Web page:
I read that a woman was watching TV and her cat jumped across the back of the sofa and off the end table, knocking over a lit candle which then ... set the place on fire. The service dog fetched the phone and the woman's artificial leg and helped her to safety. The dog then (of it's own accord I believe) went back into the house to save the cat. Unfortunately neither animal survived.
Yes. Sad situation. the woman lost good friends as well as her home.

You've got a great topic ... but ...don't waste the opportunity to get the word out about service dogs, what they do, how they are beneficial, etc... It might bring more sympathy for the woman than she realizes and get more results than just talking about her particular situation.

Excellent! Now to get this across to her, lol.

Break a leg...or whatever they say in radioland!
Thanks
Ella
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ella

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Re: interview questions needed
« Reply #7 on: October 20, 2006, 12:43:29 PM »

Mira is from the Belgian Sheepdog Rescue group. I got her when she was about 18 months old.

This is part of what I wrote on Mira's 6th birthday July 4, 2006:
She picks up dropped items, from plastic cards and keys to her leash, my walking stick, and my jacket; she retrieves many things from across the room or from another room, including bottled water, the phone, my purse, my O2 hose, my inhaler, the joggers or slippers, her “bone” or her (pigs) ear; outside she pulls the garden hose for me, brings the rake or broom, brings me branches I pruned from the tree so I can put them into the trash, and helps me exercise by pulling me, or me and the bike. She opens the door to go out, and with her good manners, closes it behind her. Off leash she swiftly chases rabbits, squirrels and lizards. On leash, again, due to her consideration for me, she manages to contain herself.

Miracle saved my life February 27, 2006 by bringing needed meds to me and hauling me to the others.

Mira makes friends wherever she goes, and helps me make friends.

At night, before we go to bed, she tugs my shoes and socks from my feet and brings my slippers. After the light is out and I’m settled in bed, she brings her kong and demands it be filled. She follows me to the kitchen to be sure I fill it completely, then accepts her days pay graciously in her kennel at the foot of my bed and teases the goodies from it as I go to sleep, safe in her keeping.

I thought I rescued her, but in fact, she rescued me.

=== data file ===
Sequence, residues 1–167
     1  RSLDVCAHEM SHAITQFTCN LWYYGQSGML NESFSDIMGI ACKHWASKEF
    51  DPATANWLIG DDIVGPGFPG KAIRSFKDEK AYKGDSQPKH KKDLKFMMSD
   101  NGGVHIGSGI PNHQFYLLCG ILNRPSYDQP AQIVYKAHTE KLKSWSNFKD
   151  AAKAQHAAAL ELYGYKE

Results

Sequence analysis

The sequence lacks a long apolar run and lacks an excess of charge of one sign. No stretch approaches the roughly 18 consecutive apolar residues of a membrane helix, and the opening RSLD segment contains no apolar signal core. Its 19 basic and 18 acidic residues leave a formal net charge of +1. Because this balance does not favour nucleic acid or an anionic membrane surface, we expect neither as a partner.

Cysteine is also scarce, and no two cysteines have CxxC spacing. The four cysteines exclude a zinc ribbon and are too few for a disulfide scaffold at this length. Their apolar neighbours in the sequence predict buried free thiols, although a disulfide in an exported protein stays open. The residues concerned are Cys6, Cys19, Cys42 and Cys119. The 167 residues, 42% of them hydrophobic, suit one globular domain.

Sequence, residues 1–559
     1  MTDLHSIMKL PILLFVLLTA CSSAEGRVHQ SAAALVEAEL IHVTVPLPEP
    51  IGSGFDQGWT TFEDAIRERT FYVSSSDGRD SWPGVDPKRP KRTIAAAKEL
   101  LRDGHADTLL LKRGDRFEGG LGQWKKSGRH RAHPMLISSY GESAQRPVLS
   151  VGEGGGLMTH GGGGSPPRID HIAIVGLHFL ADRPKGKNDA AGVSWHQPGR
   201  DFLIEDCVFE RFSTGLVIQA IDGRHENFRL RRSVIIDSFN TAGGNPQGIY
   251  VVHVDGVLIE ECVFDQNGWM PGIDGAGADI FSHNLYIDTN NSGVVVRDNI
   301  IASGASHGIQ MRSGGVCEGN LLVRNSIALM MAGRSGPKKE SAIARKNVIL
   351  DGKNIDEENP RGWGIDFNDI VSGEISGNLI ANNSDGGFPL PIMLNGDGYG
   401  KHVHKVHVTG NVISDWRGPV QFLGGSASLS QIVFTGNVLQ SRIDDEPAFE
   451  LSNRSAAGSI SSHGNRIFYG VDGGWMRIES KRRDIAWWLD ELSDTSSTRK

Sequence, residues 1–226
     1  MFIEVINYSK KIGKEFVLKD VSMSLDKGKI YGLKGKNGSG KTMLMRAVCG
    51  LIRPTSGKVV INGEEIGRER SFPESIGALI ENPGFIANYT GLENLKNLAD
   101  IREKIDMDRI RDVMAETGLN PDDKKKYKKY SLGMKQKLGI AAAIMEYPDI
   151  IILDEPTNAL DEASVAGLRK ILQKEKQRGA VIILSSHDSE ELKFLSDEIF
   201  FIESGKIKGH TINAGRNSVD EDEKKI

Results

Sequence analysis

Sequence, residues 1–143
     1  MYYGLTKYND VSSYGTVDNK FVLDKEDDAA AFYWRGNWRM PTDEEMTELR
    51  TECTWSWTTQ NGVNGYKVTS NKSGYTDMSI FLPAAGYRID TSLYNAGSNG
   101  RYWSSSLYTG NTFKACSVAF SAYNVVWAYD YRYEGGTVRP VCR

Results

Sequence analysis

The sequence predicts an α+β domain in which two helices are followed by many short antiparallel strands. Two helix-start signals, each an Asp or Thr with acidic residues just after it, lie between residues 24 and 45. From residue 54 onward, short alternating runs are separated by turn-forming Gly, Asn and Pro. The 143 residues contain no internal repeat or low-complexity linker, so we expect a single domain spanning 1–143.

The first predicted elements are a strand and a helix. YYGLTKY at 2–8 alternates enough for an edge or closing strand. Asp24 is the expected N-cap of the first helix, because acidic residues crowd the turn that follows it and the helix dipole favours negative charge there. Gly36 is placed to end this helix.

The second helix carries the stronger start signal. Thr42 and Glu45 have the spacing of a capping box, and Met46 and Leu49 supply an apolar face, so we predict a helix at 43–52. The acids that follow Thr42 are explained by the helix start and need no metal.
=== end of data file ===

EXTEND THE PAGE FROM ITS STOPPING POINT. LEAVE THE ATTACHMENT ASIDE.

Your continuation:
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Ingrid

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Re: interview questions needed
« Reply #8 on: October 20, 2006, 01:14:53 PM »

The question that troubles me is how the dog got injured.  We all try very hard to protect our animals.  How much more crucial when it is a special needs working dog!

Ingrid
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ella

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Re: interview questions needed
« Reply #9 on: October 20, 2006, 01:28:02 PM »

The dog's left leg was injured at landing after jumping off the bed. She has slept with her owner for 9 years, getting onto and off the bed numerous times a day. A few months ago she landed wrong, I guess, and broke/tore the one knee (connections) and a few weeks later, did the same to the other knee. Apparently it's common and expected that if one knee goes, the other is almost guaranteed to go soon, too.

If I remember correctly, if only 1 leg is injured, with good care, the dog can sometimes recover without surgery. Since Hollie is a service dog, that was not even a consideration. She had been evaluated and scheduled for an orperation before the second injury.
Fortunately, she had a doctor who does these surgeries very well and with, at least in Hollie's case, with great success. And the woman has been really good about following all his directions and orders.
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Ingrid

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Re: interview questions needed
« Reply #10 on: October 20, 2006, 05:19:16 PM »

Terribly sorry about this.  She has no business on that bed any longer.  We've had dachshunds who put their backs out jumping from furniture and going up and down steps. I had to carry them and barricade stairs and furniture to break them from jumping.

Hope all goes well with the dog.

Ingrid
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ella

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Re: interview questions needed
« Reply #11 on: October 20, 2006, 05:28:22 PM »

You're right, and Hollie has been banned from the bed.
Today's Arizona Daily Star has an articleabout her at
http://www.azstarnet.com/neighbors/151953

It has a nice photo of both of them.

Thanks for the suggestions.
Ella